The creation of such an autonomous organization has lots of disquieting implications, of course. Many people rightly feel that corporations already run amuck, are not sufficiently accountable, make decisions that cause harm to the environment, and rob people of dignity and justice.

Can a DAO, an algorithmically-run organization, exhibit accountability? Will accountability or environmental- and social-justice be encoded into the rules that govern such an organization? The ideas that “Corporations are People” takes on new meaning and significance. In the same way that we are asking about the legal and ethical culpability of autonomous vehicles, for example, will the law similarly ask if an autonomous organization can be held liable?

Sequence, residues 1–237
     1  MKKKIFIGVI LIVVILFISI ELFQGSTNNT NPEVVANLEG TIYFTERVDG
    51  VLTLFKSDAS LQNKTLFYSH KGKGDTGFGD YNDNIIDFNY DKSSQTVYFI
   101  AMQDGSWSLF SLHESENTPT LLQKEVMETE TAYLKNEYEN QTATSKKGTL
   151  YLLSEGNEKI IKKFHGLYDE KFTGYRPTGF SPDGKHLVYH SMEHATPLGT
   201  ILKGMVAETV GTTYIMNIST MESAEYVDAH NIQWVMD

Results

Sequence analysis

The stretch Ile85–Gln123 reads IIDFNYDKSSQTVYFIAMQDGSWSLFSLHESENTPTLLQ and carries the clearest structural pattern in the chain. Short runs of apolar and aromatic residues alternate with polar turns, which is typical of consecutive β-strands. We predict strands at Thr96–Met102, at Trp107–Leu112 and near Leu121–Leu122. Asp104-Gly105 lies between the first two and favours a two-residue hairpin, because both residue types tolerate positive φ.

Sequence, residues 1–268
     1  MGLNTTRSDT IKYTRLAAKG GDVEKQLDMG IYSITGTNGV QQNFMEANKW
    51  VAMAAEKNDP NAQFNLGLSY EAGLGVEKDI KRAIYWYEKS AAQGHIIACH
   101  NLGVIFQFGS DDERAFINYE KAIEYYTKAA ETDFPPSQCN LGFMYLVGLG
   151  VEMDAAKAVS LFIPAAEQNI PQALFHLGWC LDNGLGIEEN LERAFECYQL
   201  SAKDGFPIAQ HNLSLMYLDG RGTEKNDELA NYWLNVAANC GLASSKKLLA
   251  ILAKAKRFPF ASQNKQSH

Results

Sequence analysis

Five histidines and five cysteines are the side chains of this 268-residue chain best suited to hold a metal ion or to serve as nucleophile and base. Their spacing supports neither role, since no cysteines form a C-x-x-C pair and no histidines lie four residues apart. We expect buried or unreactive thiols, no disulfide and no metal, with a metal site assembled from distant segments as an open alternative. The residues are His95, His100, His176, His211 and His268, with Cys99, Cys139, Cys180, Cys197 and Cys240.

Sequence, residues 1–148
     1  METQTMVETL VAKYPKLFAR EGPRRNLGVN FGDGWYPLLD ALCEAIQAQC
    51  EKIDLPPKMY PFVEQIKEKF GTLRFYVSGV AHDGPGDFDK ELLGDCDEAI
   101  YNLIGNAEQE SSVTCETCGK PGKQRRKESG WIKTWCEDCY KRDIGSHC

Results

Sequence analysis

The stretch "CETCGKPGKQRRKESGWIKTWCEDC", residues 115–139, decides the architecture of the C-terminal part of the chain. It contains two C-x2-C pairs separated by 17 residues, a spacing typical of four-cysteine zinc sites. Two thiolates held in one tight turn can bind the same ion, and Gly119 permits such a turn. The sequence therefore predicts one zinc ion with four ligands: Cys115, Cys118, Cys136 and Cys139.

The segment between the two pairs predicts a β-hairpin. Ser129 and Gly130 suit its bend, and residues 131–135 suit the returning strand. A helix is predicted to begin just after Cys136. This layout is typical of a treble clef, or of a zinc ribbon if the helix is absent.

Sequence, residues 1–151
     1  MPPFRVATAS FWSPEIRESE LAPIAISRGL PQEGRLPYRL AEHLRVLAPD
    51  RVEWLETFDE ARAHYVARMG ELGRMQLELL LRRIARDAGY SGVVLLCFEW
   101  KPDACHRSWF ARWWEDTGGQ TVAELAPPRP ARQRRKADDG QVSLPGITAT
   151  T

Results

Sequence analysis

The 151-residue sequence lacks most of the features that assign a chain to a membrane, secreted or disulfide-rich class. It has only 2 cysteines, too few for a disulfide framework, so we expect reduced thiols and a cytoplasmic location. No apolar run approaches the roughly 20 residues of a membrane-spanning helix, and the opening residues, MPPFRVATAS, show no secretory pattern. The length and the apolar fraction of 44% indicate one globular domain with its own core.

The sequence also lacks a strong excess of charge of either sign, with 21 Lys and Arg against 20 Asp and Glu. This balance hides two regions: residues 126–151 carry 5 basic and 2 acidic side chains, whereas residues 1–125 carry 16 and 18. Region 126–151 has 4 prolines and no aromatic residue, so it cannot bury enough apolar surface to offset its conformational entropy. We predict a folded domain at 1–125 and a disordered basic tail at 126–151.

It strikes me that a DAO would not need to be a profit-seeking corporation. A non-profit might also be established in this way, its mission codified in the algorithms that define the organizations. A city as an organization might also be made so “autonomous.”

Columbus has just been identified as a “smart city” by virtue of the grants we’ve received to start building an autonomous transportation infrastructure. What if that initiative grew to encompass the entirety of the city and many of its functions? The blockchain company Ethereum has already written the code for a algorithmically-enabled democratic decision-making process: go to ethereum.org/dao to see the code yourself. A city like Columbus could establish this practice as a central feature of its governance.